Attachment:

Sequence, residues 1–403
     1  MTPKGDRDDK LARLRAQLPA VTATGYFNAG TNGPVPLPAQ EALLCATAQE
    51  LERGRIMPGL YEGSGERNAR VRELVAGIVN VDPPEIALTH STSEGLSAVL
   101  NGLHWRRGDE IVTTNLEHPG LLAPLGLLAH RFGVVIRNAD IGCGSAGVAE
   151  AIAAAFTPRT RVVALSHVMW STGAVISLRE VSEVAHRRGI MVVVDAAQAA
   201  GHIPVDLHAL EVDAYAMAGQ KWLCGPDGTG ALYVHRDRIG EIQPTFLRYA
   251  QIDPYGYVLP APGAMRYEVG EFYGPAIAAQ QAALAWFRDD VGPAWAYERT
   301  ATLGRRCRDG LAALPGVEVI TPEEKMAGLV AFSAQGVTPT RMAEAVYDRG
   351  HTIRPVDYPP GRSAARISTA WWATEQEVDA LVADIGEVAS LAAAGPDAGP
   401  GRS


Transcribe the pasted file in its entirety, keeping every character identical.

Sequence, residues 1–403
     1  MTPKGDRDDK LARLRAQLPA VTATGYFNAG TNGPVPLPAQ EALLCATAQE
    51  LERGRIMPGL YEGSGERNAR VRELVAGIVN VDPPEIALTH STSEGLSAVL
   101  NGLHWRRGDE IVTTNLEHPG LLAPLGLLAH RFGVVIRNAD IGCGSAGVAE
   151  AIAAAFTPRT RVVALSHVMW STGAVISLRE VSEVAHRRGI MVVVDAAQAA
   201  GHIPVDLHAL EVDAYAMAGQ KWLCGPDGTG ALYVHRDRIG EIQPTFLRYA
   251  QIDPYGYVLP APGAMRYEVG EFYGPAIAAQ QAALAWFRDD VGPAWAYERT
   301  ATLGRRCRDG LAALPGVEVI TPEEKMAGLV AFSAQGVTPT RMAEAVYDRG
   351  HTIRPVDYPP GRSAARISTA WWATEQEVDA LVADIGEVAS LAAAGPDAGP
   401  GRS